Meta.Morf 2018 @Dokkhuset, Saturday March 10, 2018

I feel that we are all philosophers, and that those who describe themselves as a ‘philosopher’ simply do not have a day job to go to.Kevin Warwick

Cyborgs and Robots with Brains

In this presentation a practical look is taken at how the use of implant and electrode technology can be employed to create biological brains for robots, to enable human enhancement and to diminish the effects of certain neural illnesses. In all cases the end result is to increase the range of abilities of the recipients. An indication is given of a number of areas in which such technology has already had a profound effect, a key element being the need for a clear interface linking a biological brain directly with computer technology.

The emphasis is clearly placed on experimental scientific studies that have been and are being undertaken and reported on. The area of focus is notably the need for a biological/technological connection, where a link is made directly with the cerebral cortex and/or nervous system. The presentation will consider the future in which healthcare will be focussed much more on electronic rather than chemical medicines. Robots will have biological, or part-biological, brains and neural implants will link the human nervous system bi-directionally with technology and the internet.

 

Kevin Warwick is Emeritus Professor at Reading and Coventry Universities, England. Prior to that he was Deputy Vice Chancellor (Research) at Coventry University. His research areas are artificial intelligence, biomedical systems, robotics and cyborgs. Due to his research as a self-experimenter he is frequently referred to as the world’s first Cyborg. Kevin was born in Coventry and left school to join British Telecom. He took his first degree at Aston University, followed by a PhD and research post at Imperial College London. He held positions at Oxford, Newcastle, Warwick and Reading Universities before joining Coventry.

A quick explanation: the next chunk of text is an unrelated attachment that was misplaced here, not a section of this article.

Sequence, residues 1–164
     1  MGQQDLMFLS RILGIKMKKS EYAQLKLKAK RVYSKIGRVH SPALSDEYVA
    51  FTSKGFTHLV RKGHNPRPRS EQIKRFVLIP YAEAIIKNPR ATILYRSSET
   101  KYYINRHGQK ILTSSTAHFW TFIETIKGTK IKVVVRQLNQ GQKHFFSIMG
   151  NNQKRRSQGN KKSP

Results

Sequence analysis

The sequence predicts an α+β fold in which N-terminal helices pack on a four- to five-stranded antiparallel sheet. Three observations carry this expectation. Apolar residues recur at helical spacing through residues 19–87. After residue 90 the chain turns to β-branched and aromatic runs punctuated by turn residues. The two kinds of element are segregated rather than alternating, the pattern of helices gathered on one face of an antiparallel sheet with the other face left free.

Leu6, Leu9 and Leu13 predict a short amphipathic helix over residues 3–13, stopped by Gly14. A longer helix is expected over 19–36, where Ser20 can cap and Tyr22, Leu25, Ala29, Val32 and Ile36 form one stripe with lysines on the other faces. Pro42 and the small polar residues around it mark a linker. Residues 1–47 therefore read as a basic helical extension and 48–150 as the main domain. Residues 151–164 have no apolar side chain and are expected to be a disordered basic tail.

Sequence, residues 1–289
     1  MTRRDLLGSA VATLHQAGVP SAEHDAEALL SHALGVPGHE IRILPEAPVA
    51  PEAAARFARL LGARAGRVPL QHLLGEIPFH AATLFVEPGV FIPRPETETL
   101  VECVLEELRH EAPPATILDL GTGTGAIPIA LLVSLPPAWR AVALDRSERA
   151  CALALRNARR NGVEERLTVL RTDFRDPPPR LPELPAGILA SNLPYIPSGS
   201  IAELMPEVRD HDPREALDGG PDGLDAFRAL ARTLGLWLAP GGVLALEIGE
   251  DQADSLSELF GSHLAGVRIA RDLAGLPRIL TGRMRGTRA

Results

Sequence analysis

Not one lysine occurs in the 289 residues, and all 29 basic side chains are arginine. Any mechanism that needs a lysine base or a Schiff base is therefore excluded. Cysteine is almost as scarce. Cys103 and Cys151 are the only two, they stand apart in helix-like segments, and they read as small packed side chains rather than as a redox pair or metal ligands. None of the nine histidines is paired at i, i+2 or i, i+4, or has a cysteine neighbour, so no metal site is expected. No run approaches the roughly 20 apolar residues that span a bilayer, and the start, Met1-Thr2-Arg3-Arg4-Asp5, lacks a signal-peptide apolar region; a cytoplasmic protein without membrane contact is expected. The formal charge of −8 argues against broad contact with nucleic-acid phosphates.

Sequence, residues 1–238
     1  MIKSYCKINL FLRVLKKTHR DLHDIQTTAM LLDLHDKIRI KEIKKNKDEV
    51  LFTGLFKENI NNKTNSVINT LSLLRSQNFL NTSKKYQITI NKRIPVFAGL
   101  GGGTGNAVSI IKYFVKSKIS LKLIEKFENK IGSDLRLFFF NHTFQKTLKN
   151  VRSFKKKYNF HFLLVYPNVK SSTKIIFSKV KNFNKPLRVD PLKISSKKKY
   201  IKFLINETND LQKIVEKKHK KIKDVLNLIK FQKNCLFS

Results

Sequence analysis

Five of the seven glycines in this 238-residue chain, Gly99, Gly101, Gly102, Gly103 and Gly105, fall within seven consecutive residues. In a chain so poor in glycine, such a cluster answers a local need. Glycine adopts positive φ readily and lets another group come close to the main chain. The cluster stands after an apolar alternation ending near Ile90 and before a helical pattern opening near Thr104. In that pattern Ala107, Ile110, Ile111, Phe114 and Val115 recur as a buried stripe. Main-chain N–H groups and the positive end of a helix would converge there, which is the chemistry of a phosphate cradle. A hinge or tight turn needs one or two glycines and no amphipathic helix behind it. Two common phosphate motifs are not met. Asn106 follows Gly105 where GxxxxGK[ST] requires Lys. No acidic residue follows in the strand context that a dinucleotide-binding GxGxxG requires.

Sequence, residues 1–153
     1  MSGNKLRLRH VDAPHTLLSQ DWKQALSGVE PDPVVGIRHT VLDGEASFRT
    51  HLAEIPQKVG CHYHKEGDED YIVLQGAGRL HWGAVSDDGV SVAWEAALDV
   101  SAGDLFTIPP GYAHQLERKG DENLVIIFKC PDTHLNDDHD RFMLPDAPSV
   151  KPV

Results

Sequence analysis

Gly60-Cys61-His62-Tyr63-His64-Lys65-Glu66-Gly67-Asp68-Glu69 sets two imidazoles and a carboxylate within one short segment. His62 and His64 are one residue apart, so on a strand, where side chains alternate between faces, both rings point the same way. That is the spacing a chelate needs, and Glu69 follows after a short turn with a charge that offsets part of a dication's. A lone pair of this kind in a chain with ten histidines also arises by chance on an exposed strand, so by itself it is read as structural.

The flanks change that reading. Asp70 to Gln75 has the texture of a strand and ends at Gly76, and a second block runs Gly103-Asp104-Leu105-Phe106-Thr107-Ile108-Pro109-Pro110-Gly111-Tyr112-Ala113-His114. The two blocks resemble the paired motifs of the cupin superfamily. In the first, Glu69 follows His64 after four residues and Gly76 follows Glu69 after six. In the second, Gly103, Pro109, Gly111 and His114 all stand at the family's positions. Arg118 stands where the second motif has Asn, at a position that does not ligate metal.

Kevin is a Chartered Engineer who has published over 600 research papers. His experiments into implant technology led to him being featured as the cover story on the US magazine, ‘Wired’. He achieved the world’s first direct electronic communication between two human nervous systems, the basis for thought communication. Another project extended human sensory input to include ultrasonics. He also linked his nervous system with the internet in order to control a robot hand directly from his neural signals, across the Atlantic Ocean.

He has been awarded higher doctorates (DSc) by Imperial College and the Czech Academy of Sciences, Prague. He received the IET Mountbatten Medal and the Ellison-Cliffe Medal from the Royal Society of Medicine. In 2000 Kevin presented the Royal Institution Christmas Lectures and in 2017 the Paul B. Baltes Lecture at the Berlin-Brandenburg Academy of Sciences.